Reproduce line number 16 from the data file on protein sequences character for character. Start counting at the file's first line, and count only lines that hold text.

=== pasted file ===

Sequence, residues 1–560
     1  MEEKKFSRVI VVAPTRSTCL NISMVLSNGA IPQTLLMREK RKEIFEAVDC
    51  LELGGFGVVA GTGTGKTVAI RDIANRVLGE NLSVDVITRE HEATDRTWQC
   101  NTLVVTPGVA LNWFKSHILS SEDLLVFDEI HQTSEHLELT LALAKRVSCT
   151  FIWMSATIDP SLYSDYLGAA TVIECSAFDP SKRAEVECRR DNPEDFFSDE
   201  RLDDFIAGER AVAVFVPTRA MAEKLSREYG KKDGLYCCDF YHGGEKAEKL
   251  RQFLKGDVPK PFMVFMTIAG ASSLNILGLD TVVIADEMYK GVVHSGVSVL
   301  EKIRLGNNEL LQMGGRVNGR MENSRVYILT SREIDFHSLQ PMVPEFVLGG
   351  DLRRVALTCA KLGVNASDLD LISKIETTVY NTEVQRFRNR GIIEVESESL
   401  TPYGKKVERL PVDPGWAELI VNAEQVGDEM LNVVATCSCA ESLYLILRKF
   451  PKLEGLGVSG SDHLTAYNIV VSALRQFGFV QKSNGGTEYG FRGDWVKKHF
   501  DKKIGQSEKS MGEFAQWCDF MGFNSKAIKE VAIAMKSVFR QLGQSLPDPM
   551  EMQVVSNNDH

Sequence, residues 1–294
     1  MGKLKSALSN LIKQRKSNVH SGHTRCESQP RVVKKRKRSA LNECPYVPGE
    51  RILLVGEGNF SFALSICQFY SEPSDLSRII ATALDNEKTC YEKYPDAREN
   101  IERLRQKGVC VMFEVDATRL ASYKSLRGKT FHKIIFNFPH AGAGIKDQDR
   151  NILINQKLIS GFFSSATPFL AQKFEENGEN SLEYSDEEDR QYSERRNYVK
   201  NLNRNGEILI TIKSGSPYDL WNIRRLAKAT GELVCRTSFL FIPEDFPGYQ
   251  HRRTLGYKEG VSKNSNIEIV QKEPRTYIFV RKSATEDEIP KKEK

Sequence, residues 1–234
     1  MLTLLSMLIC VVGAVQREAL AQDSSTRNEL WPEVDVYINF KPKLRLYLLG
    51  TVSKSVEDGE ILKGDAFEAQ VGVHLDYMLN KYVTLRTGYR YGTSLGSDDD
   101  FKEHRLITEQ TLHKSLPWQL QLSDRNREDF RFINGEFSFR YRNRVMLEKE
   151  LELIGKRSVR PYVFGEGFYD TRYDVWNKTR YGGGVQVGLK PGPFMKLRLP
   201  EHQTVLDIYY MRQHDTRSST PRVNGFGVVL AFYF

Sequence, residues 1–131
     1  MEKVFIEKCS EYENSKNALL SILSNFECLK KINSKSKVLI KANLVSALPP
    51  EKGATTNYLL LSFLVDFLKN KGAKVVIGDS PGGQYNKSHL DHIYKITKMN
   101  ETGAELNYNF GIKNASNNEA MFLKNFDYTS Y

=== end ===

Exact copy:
    51  RILLVGEGNF SFALSICQFY SEPSDLSRII ATALDNEKTC YEKYPDAREN